The government’s descriptions of the Future Fund’s operations are vague. However, it is highly likely that its role will be to fund medical research by private firms rather than carrying out research itself. If the research results in failure Medicare patients will carry the bill rather than the firm and if it succeeds the firm will walk away with the profits rather than being required to return any of them to the public.

Meanwhile, the CSIRO is being progressively stripped of funds. One CSIRO member has revealed that because of reductions in support staff numbers, scientists must now spend up to one day per week cleaning laboratory equipment, stacking chemicals, restocking photocopy machines and /or preparing promotional material.

Scientists are also underpaid, given the importance of their work, and young students are not entering the profession. According to Australian IVF research pioneer Allan Trounson, the average age of leading scientists awarded research funding by the National Health and Medical Research Council has risen from 39 to 48 years over the past thirty years.

The Murdoch editorial quoted above concluded:

“Leading scientists must do better in explaining the fascinating opportunities … their profession offers. Properly informed, many young people would prefer producing cervical cancer and malaria vaccines, and studying astrophysics and astronomy, to shuffling paper as merchant bankers, lawyers and accountants”.

But as the editorial admits, salaries offered to scientists by research institutions have fallen far behind those of the other professions, and job security is low.

Moreover, public research funding is inadequate. According to Trounson Australia’s existing public funding bodies, which currently provide funding for young scientists’ research projects, only have enough money for two grants in every five applications. As a result, young people are not being drawn to science, and many who join the profession subsequently leave it.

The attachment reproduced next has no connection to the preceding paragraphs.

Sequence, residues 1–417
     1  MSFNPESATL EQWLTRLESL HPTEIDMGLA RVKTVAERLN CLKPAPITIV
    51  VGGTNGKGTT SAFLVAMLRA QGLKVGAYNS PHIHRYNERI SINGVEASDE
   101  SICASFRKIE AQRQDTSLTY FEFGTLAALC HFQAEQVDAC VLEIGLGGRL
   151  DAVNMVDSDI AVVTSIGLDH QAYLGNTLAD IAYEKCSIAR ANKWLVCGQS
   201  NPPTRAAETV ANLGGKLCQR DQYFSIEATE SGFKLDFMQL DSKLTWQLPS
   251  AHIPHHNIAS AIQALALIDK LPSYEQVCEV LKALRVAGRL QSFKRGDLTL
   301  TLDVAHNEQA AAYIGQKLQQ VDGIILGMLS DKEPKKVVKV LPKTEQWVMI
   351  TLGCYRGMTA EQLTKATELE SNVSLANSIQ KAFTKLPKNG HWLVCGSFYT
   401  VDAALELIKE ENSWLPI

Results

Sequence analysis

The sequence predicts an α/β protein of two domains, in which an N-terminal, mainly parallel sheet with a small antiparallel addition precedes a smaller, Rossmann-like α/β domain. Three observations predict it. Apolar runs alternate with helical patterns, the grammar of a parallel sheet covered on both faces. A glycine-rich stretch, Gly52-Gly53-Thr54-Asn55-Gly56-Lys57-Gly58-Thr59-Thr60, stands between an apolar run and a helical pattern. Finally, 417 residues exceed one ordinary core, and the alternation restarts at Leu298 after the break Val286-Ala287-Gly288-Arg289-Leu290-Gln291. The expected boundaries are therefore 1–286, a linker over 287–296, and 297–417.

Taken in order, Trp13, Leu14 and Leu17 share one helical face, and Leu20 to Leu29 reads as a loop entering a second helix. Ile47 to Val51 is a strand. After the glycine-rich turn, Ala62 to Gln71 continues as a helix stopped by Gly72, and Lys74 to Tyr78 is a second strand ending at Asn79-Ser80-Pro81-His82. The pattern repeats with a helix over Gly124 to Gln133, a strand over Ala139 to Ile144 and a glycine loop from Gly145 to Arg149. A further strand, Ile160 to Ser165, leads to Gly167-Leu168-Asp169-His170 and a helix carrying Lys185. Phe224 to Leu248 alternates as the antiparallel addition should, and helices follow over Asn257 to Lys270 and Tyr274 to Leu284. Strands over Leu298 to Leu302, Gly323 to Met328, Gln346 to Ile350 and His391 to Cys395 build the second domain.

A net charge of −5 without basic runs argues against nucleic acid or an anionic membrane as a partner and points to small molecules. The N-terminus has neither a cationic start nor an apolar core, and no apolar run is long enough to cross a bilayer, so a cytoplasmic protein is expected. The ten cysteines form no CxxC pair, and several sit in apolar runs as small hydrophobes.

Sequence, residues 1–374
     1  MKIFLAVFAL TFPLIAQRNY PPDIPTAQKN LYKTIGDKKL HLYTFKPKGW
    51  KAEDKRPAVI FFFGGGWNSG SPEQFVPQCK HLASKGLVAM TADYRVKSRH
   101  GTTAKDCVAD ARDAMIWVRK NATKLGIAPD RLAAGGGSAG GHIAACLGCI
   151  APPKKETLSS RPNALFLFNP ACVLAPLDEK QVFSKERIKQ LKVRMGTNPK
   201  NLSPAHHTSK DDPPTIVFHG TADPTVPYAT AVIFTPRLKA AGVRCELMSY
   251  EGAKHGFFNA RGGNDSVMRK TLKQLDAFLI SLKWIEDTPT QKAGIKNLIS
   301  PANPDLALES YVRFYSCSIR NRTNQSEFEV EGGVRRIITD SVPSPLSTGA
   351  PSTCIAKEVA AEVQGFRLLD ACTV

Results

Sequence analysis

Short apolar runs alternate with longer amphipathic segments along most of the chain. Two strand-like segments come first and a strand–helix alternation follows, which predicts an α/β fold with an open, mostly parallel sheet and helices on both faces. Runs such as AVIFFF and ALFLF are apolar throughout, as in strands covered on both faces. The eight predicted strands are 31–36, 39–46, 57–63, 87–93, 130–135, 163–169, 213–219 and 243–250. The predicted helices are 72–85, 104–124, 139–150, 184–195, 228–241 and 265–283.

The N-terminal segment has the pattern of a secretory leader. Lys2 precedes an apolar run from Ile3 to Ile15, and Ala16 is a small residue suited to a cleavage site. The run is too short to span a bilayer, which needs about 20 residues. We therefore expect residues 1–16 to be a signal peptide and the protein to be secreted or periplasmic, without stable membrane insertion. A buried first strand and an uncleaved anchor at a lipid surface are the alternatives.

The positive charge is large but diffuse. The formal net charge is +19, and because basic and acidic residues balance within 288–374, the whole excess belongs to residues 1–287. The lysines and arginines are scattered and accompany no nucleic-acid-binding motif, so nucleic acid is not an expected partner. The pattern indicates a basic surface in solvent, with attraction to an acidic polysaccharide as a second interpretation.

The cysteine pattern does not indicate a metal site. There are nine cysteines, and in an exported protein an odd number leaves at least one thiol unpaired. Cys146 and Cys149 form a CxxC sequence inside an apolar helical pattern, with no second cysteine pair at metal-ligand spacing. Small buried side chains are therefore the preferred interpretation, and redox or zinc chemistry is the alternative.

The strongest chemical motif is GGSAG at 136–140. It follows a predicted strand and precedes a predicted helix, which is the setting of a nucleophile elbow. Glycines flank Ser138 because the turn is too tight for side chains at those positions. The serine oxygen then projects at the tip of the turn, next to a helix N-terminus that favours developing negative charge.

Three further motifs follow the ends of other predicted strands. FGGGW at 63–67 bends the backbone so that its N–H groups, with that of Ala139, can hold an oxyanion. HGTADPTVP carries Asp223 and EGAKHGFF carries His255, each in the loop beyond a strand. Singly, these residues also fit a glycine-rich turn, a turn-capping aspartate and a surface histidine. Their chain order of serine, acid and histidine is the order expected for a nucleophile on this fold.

Real solutions

The CSIRO has hundreds of outstanding achievements, including the development of Wi-Fi technology, polymer banknotes, aircraft landing systems, Hendra virus vaccine, and atomic absorption spectrometry.

It is now being stripped of funds and its scope of work reduced so that it becomes an accessory to the narrow section of Australian industry whose interests the government is committed to serve.

Three CSIRO organic chemists, Graeme Moad, Sam Thang and Ezio Rizzardo, who developed polymers for solar cells and other applications, have qualified as candidates for the Nobel Prize. However, they have warned that the sort of work they carried out, which requires long-term funding stability, may now become impossible because of the funding cuts.

The solution to the current difficulties for science does not lie in imposing what is, in effect, a new tax on Medicare patients in order to fund private research organisations.

Instead, the Medicare co-payment scheme should be abandoned, adequate research grants should be provided for the nation’s scientists, and it should be compulsory for part of the profits derived from funded research to be returned to the public.

The work of the CSIRO should also be expanded and sufficient funding provided so that it again becomes a growing, thriving institution dedicated to assisting the development of the nation’s current and emerging industries.

And the first step is to replace the current government with one dedicated to achieving that objective.

Next article – Australian Premiere of Catherine Murphy’s Maestra